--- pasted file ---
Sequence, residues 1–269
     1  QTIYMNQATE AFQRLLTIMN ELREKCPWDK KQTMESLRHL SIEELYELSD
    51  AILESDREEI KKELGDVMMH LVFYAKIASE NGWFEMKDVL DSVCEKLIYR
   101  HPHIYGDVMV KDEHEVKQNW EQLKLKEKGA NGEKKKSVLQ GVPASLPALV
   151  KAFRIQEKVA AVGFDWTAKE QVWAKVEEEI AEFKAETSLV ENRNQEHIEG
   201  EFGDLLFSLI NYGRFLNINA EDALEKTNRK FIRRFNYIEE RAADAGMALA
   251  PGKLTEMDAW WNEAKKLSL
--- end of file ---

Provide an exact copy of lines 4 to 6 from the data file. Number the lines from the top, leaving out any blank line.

   101  HPHIYGDVMV KDEHEVKQNW EQLKLKEKGA NGEKKKSVLQ GVPASLPALV
   151  KAFRIQEKVA AVGFDWTAKE QVWAKVEEEI AEFKAETSLV ENRNQEHIEG
   201  EFGDLLFSLI NYGRFLNINA EDALEKTNRK FIRRFNYIEE RAADAGMALA